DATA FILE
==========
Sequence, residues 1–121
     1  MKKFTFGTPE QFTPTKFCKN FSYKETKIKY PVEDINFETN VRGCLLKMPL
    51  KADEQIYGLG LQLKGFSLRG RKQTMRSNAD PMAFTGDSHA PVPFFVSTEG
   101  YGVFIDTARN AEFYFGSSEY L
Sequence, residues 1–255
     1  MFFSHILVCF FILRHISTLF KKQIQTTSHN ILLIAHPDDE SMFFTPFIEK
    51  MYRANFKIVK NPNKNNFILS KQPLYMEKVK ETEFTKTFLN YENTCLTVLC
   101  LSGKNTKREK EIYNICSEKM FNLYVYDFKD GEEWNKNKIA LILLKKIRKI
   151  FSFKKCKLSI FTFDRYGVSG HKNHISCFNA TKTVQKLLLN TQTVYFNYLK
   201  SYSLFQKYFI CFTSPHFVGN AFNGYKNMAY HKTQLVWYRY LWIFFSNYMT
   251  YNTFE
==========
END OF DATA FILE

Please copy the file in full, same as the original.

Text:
Sequence, residues 1–121
     1  MKKFTFGTPE QFTPTKFCKN FSYKETKIKY PVEDINFETN VRGCLLKMPL
    51  KADEQIYGLG LQLKGFSLRG RKQTMRSNAD PMAFTGDSHA PVPFFVSTEG
   101  YGVFIDTARN AEFYFGSSEY L
Sequence, residues 1–255
     1  MFFSHILVCF FILRHISTLF KKQIQTTSHN ILLIAHPDDE SMFFTPFIEK
    51  MYRANFKIVK NPNKNNFILS KQPLYMEKVK ETEFTKTFLN YENTCLTVLC
   101  LSGKNTKREK EIYNICSEKM FNLYVYDFKD GEEWNKNKIA LILLKKIRKI
   151  FSFKKCKLSI FTFDRYGVSG HKNHISCFNA TKTVQKLLLN TQTVYFNYLK
   201  SYSLFQKYFI CFTSPHFVGN AFNGYKNMAY HKTQLVWYRY LWIFFSNYMT
   251  YNTFE